|About Us | What's New | Search | Site Map | Contact Us|
You are not logged in. [Log In] Wordsmith.org » Forums » General Topics » Wordplay and fun » Food for thought Register User Forum List Calendar Active Topics Search FAQ
#7842 - 10/13/00 04:44 PM Food for thought
In Québec we have this cute little confection called un pet de sœur. It is a light flaky pastry roll layered with a buttered brown sugar sauce. VVVVery popular since Québecers have an extremely deep sweet tooth.
Pet de sœur translated into English is Nun’s fart. Not so cute anymore. Seeing as we have members from all over the world, is there any food in your country that suffers from being translated.
#7843 - 10/13/00 06:27 PM Re: Food for thought
is there any food in your country that suffers from being translated.
Near where I live (about 5 kilometres away) is a very popular food source, the Tutaekuri river. It is used by a lot people fishing for food, despite the fact that "tutaekuri" means, literally, "dogshit" - does that count?
#7844 - 10/15/00 07:13 PM Re: Food for thought
Loc: Sussex, England
I think "nun's fart" is very cute, personally!
I'd find asking for a nun's fart a lot less embarrassing, and probably far more amusing, than ordering some newly-invented cocktails.
#7845 - 10/16/00 11:48 AM Re: Food for thought
Loc: Marion NC
>Pet de sœur translated into English is Nun’s fart
Yeah, one particular German wine DOEs give me gas too._________________________
#7846 - 10/17/00 11:19 AM Re: Food for thought
Yes, TEd, I had the same trouble last time I drank it - but I just blue it away.
#7847 - 10/23/00 03:40 AM Re: Food for thought
I always thought that the lady in blue should be locked in a Black Tower with a bottle of Mateus Rose and the key should be thrown away.
I always like the Spanish dessert "brazo gitano" but didn't like to think too hard about the translation.
#7848 - 10/23/00 11:00 AM Re: Food for thought
Loc: Sussex, England
Why does it give you gyp? Looks 'armless enough to me.
Just translated the recipe from Spanish to English (service provided by Altavista):
To beat the clear ones on the verge of sigh, to add the sugar and with surrounding movement, to add to the flour and the salt; to place in a tray previously lubricated and with encerado paper, hornee 15 minutes to 350ºF. is stripped on a cloth and it is coiled so that it takes form.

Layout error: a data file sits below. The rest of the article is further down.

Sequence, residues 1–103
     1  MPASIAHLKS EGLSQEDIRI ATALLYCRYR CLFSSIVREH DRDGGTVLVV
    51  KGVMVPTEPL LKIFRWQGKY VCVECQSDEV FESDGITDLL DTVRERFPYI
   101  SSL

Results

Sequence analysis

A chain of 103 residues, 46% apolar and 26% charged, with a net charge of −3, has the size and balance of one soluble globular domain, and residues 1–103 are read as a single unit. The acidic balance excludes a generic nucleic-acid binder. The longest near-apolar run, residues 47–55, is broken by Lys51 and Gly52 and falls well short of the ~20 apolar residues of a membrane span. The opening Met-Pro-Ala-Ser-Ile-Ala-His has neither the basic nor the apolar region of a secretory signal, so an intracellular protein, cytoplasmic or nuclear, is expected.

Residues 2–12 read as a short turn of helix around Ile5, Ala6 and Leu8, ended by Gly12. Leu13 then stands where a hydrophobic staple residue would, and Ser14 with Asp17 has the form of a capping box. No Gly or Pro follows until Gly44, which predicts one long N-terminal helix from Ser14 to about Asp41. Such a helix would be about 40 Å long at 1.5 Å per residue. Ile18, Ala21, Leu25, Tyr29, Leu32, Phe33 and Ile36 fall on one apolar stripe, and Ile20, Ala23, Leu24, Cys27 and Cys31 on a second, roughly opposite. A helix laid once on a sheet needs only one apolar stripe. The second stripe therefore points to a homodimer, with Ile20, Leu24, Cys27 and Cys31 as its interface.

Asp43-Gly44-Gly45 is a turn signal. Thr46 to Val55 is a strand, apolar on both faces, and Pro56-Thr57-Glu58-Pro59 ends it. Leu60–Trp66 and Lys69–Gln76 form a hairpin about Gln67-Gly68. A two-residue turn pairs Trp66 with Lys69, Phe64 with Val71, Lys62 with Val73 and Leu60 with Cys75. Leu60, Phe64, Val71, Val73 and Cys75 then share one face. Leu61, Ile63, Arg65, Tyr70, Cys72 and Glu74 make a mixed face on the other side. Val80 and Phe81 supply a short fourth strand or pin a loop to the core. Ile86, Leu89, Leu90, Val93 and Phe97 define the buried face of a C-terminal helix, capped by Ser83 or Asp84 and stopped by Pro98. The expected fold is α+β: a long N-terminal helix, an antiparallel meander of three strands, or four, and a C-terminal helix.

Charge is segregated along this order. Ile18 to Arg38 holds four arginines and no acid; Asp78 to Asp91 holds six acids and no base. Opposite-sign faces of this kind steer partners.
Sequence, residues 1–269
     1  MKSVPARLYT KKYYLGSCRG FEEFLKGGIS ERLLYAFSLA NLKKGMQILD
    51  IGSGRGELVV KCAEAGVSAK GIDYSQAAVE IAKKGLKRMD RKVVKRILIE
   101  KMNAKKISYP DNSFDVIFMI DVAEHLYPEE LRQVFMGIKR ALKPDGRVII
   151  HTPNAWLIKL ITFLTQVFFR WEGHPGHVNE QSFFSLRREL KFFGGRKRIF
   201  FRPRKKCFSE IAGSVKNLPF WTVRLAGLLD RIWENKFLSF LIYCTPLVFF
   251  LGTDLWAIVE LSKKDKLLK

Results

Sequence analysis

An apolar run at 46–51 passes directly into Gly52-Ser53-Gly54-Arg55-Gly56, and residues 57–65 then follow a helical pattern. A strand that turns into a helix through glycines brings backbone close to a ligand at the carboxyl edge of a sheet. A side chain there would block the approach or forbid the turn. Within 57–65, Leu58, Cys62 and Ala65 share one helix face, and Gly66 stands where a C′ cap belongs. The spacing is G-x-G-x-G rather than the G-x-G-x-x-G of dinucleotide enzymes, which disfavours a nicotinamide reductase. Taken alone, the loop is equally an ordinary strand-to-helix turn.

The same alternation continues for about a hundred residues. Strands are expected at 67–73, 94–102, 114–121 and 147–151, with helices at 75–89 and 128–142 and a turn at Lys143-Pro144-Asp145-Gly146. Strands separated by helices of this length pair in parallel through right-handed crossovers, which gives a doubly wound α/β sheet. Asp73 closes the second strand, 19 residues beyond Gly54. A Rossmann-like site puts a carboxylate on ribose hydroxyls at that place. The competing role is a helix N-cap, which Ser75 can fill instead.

To mix all the ingredients of the filling and to drain on the arm, to return to coil, to place on a tray, to cut the ends and to cover with the cheese cream softened with the mayonnaise. To decorate to the pleasure: you shiver of pimentón, gherkins or olives, etc.
Almost as good as Aenigma!
#7849 - 10/24/00 01:03 AM Re: Food for thought
I don't think I've ever been called a shiver of pimenton before.
#7850 - 10/24/00 01:59 AM Re: Food for thought
I love the translation! Amazing that such a strange concoction could taste so good!
#7851 - 10/24/00 12:28 PM Re: Food for thought
Loc: Sussex, England
such a strange concoction
My hispanophiliac (?) friend tells me "David Essex's mike holder" is identical to what we know as a (jam/jelly) Swiss Roll.
But surely you couldn't bung in a bit of Bingley, errr, shiver of pimenton with that?
I think my friend is (uncharacteristically) mistaken.
Forum Stats 8910 Members
Max Online: 3341 @ 12/09/11 02:15 PM
Newest Members folatre, Rockyhud220, L82cannon, tien170164, ramulusri
8910 Registered Users
Who's Online 0 registered (), 125 Guests and 3 Spiders online. Key: Admin, Global Mod, Mod
Top Posters (30 Days)
wofahulicodoc 79 endymion6 76 LukeJavan8 62 May 25 BranShea 3 Markubus5 2 Tromboniator 1 peter_in_boston 1 Hansje1980 1
wwh 13858 Faldage 13803 Jackie 11613 tsuwm 10537 LukeJavan8 8046 Buffalo Shrdlu 7210 AnnaStrophic 6511 wofahulicodoc 6418 Wordwind 6296 of troy 5400
Board Rules · Mark all read Contact Us · Wordsmith.org · Top
Disclaimer: Wordsmith.org is not responsible for views expressed on this site. Use of this forum is at your own risk and liability - you agree to hold Wordsmith.org and its associates harmless as a condition of using it.
Home | Today's Word | Yesterday's Word | Subscribe | FAQ | Archives | Search | Feedback
Wordsmith Talk | Wordsmith Chat
© 1994-2016 Wordsmith